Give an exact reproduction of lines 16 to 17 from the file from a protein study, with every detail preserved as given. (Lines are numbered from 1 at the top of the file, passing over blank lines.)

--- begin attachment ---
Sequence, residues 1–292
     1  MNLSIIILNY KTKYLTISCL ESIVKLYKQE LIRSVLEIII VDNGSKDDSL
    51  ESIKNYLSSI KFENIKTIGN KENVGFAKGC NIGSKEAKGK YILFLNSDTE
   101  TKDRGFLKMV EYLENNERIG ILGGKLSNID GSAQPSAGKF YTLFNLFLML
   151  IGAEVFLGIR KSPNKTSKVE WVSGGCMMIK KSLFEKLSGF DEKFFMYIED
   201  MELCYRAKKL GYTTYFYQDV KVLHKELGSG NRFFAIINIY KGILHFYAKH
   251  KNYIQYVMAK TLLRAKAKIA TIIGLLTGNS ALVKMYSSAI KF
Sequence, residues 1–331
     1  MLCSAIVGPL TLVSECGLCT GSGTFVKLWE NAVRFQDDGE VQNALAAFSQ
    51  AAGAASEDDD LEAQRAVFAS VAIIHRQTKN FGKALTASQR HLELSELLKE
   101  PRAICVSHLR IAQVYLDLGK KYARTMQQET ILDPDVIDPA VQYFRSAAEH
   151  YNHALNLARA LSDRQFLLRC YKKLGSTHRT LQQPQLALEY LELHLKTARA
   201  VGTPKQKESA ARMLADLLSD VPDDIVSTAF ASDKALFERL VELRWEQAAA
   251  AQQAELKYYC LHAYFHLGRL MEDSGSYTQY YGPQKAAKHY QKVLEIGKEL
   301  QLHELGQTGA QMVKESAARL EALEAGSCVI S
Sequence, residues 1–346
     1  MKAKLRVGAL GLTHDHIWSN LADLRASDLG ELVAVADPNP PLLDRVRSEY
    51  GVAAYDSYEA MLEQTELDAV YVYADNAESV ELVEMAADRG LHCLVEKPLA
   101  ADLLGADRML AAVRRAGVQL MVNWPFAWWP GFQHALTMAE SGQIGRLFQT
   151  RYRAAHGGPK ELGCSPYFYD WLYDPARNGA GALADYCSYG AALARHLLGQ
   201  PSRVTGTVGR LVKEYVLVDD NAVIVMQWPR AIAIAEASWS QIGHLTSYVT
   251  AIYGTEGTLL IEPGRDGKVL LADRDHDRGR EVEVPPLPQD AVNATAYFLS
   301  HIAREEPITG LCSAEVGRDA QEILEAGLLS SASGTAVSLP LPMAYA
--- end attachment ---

Sequence, residues 1–346
     1  MKAKLRVGAL GLTHDHIWSN LADLRASDLG ELVAVADPNP PLLDRVRSEY